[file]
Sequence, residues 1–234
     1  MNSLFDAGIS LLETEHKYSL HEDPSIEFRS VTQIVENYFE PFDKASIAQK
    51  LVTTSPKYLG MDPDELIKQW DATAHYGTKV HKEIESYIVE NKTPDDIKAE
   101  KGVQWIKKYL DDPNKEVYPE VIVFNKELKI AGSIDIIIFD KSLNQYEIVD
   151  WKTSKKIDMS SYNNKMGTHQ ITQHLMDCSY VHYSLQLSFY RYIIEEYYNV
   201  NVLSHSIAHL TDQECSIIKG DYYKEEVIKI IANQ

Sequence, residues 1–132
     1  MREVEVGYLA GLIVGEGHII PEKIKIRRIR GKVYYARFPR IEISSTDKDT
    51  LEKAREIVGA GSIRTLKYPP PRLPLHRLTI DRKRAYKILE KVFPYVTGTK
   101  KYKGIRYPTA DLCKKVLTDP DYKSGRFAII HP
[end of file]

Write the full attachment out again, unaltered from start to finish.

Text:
Sequence, residues 1–234
     1  MNSLFDAGIS LLETEHKYSL HEDPSIEFRS VTQIVENYFE PFDKASIAQK
    51  LVTTSPKYLG MDPDELIKQW DATAHYGTKV HKEIESYIVE NKTPDDIKAE
   101  KGVQWIKKYL DDPNKEVYPE VIVFNKELKI AGSIDIIIFD KSLNQYEIVD
   151  WKTSKKIDMS SYNNKMGTHQ ITQHLMDCSY VHYSLQLSFY RYIIEEYYNV
   201  NVLSHSIAHL TDQECSIIKG DYYKEEVIKI IANQ

Sequence, residues 1–132
     1  MREVEVGYLA GLIVGEGHII PEKIKIRRIR GKVYYARFPR IEISSTDKDT
    51  LEKAREIVGA GSIRTLKYPP PRLPLHRLTI DRKRAYKILE KVFPYVTGTK
   101  KYKGIRYPTA DLCKKVLTDP DYKSGRFAII HP